Thursday, August 30, 2007

Big crash, bad timing

As I am walking out of the Hagan singletrack in a daze, while Chris E is pushing my bike, Fitzy says, "I can't believe I am watching you walk out of here on your own". I guess I should feel lucky. Fitzy had ridden down the "Hagan Staircase" before me and had stopped and turned to watch so he had a front row seat for my crash.

My left shoulder and left knee took the brunt of my crash and as I sit here this morning I have about 25% of normal range of motion in the shoulder and very little left arm or left hand strenth. Lifting a gallon of milk for cereal with my left hand was sobering this morning. 800mg of Ibuprofen are taking a bit of the edge off but I am not exactly comfortable. With 16 days until my first 24 hour solo race the timing is not bueno, but hey, shit happens and when it is your time to crash, it is your time to crash. All I can do now is ice it and hope that I heal fast.

I was not trying to be a free-ride super-hero last night. I simply did not know the trail and was going too fast at the top of the series of root drops (Hagan Staircase) and once you start down the series of root drops things only get faster, not slower. I knew 1/4 of the way down that I was going to crash and that is never a good feeling. It is amazing how instinct kicks in during moments of self-preservation and I can remember saying to myself "DO NOT TOUCH THE BRAKES".

Monday, August 27, 2007

E100 - 100k Race Report

Michelle and I were looking forward to the E100 for very different reasons this year. I wanted to have a solid race but mainly I was trying to add some quality training miles while enjoying Park City singletrack. Michelle was coming back to the E100 to face her demons after a DNF in last year’s 50-mile race.

There was a different vibe at the race this year and prior to the race some folks were down on the course design because it had changed dramatically from last year’s. Overall, attendance was down and that is too bad. I am not going to comment on the drama or rumors circulating around Park City about the E100 but I will say that I thought that the race was very well done this year. The pre-race meeting started on time and was concise, the course was brutally hard but incredibly fun at times, I thought the course was well marked and staffed with helpful volunteers, and most people walked away from the awards ceremony with at least something in hand. I also liked the common start/finish line of Park City because it kept everyone together and made it possible to cheer on your friends and offer support after you finished.

Before I jump into it, I want to thank Nate Carey for helping Michelle and I at every pit stop during the race. Nate is a super-fast racer but had decided to crew for his fiancée, Amanda Riley, and sit this one out. Nate was so helpful and encouraging throughout the day. Thanks again Nate!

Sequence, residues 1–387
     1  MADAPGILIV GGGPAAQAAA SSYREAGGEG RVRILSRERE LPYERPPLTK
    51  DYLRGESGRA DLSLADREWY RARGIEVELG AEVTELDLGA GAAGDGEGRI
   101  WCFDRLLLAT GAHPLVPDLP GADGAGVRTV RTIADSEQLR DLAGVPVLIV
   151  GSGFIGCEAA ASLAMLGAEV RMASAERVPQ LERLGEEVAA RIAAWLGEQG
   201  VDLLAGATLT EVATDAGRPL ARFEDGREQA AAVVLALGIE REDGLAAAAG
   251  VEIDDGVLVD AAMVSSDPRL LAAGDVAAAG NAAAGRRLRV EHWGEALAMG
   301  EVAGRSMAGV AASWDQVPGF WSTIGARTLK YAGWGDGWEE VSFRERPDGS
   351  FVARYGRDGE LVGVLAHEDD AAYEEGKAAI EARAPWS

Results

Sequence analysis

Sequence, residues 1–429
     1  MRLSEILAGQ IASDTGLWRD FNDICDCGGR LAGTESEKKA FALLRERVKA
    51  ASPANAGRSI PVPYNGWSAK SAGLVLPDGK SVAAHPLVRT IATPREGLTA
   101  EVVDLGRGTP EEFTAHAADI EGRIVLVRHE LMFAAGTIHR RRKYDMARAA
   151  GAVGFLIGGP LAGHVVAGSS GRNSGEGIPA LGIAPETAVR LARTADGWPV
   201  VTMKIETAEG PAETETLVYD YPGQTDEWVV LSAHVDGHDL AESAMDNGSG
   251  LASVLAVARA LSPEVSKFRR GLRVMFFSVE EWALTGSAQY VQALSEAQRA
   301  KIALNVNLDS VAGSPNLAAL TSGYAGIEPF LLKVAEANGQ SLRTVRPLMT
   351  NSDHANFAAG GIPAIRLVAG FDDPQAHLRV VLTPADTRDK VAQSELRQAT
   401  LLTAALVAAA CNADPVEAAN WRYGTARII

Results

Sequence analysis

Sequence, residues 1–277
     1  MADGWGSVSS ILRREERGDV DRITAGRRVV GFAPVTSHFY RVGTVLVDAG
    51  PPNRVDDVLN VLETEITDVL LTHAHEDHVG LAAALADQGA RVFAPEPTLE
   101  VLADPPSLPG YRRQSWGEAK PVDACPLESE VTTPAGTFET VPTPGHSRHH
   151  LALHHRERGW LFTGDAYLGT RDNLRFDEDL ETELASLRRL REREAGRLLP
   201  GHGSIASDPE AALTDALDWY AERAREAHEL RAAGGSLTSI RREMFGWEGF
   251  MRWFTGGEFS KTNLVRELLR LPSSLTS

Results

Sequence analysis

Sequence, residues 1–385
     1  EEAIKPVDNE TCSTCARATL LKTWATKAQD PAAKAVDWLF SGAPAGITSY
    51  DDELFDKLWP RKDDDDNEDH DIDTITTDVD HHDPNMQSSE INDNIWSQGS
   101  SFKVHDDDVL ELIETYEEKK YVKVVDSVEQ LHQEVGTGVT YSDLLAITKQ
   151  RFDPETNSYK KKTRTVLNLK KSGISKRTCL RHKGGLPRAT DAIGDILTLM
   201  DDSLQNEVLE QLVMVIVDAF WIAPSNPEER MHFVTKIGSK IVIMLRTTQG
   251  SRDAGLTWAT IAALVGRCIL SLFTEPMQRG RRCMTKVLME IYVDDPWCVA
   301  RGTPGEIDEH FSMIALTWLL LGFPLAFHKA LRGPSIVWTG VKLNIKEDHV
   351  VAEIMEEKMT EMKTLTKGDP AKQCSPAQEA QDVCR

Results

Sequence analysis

Joel, Nate, & Michelle post-race

I knew Michelle was going to have a good race when we climbed John’s Trail during our pre-ride Friday and she cleaned almost every root without much trouble. We had a great pre-ride, saw a moose, talked about pacing up the initial climb, and managed to not break anything on our bikes the day before the race. Success! I did forget the camera in the car though.

After a miserable night of sleep (not sure I actually slept at all) the alarm went off at 4am and it was game time. After some strong coffee and a small breakfast we were loading the coolers and preparing for the battle which starts in the dark at 6am.

Go! As we climbed the Park City service road in the dark I could hear a lot of heavy breathing around me and it reminded me that my goal for the day was to ride steady and finish strong. The 1-mile service road spread things out nicely and the fast guys were off the front doing what fast guys do. I settled into a good pace and felt great when we hit John’s rooted, twisty climb where it seemed every corner would claim another victim and force them off of their bike.

Random Race Note #1 – While climbing John’s Trail I met and rode with Team Giant’s Erica Tieszen. Erica is one of the most polite, friendly, and positive people I have met during a race and I really enjoyed riding with her until I decided I needed to back it down a notch and let her go by. I was sorry to see that Erica did not finish the 100-mile race due to missing a turn somewhere on Stage 4 and getting lost.

Two hours and nineteen fast minutes later I was at Aid #1 and Nate was on it. He helped me change out my glasses, helmet, and calories so quick that I passed several folks in transition that had passed me a couple of miles back on the trail. Sweet! Stage two was a blur and it seemed I rode most of it all alone until I caught a small group with about 5 miles to go. I was really feeling good about my pace, my hydration, etc when I clipped a grass-covered trailside rock with a pedal and did a spectacular over-the-bars Superman and landed with a thud. I had to laugh when I thought about what it must have looked like from behind so I stood up, took inventory of body and bike parts, and had a little talk with myself as I pedaled on.

Random Race Note #2 – The E100 course is relentless. I felt as if this year’s course was the hardest of the three times I have raced there. Any 10 or 20 mile section of trail would be a wonderful ride by itself but when strung together by a crazy Russian they can be brutal. And just about the time you are ready to crack, the trail tilts down or you jump onto the rolling goodness of the Mid-Mountain Trail and the mojo returns…briefly.